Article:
the boys were away at school Janet would be able to travel with him. But Janet had been hoping to further her interrupted education. She wanted to go to college.
Today, Janet looks back on her marriage, saying; "I adored him. He could be a pain, and there were some terrible things that went on but I was with him nonetheless. I didn't like it
but I just allowed these things to happen. I was tired and down with life, and with trying to help Jack all the time."
Nearing the end of 1979 things began to change. Jack was touring across Europe. In October of that year the band played in Stuttgart and after the show Jack was taken to a |
disco in the city. A tall young woman who was dancing caught his eye and he went out of his way to meet her. She was Margrit Seyffer, a member of a well-to-do family that ran
a print business. Jack described it as love at first sight.
It was the beginning of the end of their marriage. In early 1980 divorce proceedings were initiated. The divorce was finalized in 1982 and later that year, Jack married Margrit, who
became his manager for the next thirty-one years. (They had two daughters, Natascha and Kyla, and a son, Corin). Janet never re-married.
In 1997, Jack's firstborn son, Jonas, died from respiratory problems. Jo had been asthmatic since childhood and on the evening of October 8 he suffered a very severe asthma attack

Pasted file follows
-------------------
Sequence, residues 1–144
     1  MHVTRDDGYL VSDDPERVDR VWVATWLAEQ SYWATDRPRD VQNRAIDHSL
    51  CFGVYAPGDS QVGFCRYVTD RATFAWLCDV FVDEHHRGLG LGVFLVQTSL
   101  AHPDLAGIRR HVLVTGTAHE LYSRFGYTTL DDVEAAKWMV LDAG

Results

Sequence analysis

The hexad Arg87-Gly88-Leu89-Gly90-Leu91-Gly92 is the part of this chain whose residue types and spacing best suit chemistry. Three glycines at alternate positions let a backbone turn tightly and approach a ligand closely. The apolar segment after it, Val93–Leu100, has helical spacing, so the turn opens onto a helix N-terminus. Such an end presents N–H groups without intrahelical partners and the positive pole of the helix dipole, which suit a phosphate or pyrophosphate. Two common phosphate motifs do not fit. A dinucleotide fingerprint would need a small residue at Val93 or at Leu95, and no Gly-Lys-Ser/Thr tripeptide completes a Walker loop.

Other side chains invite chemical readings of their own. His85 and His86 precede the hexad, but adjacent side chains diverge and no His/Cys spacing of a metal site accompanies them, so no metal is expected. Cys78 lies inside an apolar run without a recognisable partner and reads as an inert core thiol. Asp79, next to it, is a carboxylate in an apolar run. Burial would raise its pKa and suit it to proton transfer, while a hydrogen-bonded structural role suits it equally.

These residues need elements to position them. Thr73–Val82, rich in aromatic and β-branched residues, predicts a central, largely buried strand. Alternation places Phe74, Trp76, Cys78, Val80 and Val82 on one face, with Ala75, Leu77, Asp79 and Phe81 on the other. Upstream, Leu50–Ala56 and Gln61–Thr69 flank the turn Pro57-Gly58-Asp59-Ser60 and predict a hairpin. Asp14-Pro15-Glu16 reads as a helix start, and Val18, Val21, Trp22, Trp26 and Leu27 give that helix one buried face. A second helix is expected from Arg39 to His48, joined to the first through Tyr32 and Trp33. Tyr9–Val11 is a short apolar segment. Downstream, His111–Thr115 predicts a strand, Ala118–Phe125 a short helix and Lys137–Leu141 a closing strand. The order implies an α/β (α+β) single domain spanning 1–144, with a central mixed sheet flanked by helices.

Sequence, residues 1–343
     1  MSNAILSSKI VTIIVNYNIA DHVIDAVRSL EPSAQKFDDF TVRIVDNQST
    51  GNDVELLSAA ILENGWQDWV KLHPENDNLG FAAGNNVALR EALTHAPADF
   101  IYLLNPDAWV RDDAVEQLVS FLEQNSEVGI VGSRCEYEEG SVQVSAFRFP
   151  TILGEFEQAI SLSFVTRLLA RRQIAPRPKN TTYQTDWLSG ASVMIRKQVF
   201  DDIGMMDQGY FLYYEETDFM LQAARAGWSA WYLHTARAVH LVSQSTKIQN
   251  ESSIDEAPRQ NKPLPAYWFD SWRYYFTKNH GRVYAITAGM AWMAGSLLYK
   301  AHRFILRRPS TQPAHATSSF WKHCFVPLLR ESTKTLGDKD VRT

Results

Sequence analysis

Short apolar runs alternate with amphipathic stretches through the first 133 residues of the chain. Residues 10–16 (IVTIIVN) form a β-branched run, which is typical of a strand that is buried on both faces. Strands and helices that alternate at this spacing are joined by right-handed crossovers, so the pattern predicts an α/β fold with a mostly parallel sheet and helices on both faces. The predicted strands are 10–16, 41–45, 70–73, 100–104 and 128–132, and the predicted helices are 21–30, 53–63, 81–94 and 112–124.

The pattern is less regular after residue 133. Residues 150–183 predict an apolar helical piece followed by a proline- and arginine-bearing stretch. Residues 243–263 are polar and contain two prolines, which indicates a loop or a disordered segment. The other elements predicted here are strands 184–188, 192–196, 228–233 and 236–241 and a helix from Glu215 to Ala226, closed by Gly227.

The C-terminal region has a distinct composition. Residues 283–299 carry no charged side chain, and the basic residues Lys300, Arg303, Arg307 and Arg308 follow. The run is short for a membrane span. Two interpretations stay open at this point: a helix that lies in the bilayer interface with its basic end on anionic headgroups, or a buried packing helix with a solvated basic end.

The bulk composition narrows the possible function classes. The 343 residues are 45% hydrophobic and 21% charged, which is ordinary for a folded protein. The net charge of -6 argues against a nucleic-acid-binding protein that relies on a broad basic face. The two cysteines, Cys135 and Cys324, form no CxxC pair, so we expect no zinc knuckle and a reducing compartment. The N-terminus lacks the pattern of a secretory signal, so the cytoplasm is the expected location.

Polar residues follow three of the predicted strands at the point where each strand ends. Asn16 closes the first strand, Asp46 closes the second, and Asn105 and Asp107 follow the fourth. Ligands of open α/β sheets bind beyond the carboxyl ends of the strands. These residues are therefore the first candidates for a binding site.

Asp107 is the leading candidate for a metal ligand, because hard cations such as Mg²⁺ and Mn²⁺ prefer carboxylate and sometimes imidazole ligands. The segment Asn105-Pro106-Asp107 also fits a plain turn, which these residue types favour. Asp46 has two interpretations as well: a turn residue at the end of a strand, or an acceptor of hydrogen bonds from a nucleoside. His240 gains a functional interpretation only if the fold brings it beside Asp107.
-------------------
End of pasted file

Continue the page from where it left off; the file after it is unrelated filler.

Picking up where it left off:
at a friend's flat in London. He managed to get down the stairs to the front door but he wasn't able to open it. He collapsed in the hallway, where he was eventually found by another
resident. He was just twenty-eight years old. It was a sudden and tragic death, and Jack was crushed by his all to early passing.
Then, in 2003, Jack was diagnosed with cancer, and underwent a liver transplant. Although his immune system initially rejected the organ, he recovered and was able to participate
in a reunion of Cream two years later. Jack, Eric and Ginger played four sold-out shows at the Royal Albert Hall, and three at Madison Square Garden, New York.
To many, Jack is the greatest bassist of all time! It might be said that he did for the bass what Eric Clapton did for the guitar.
He will be missed! He will be remembered!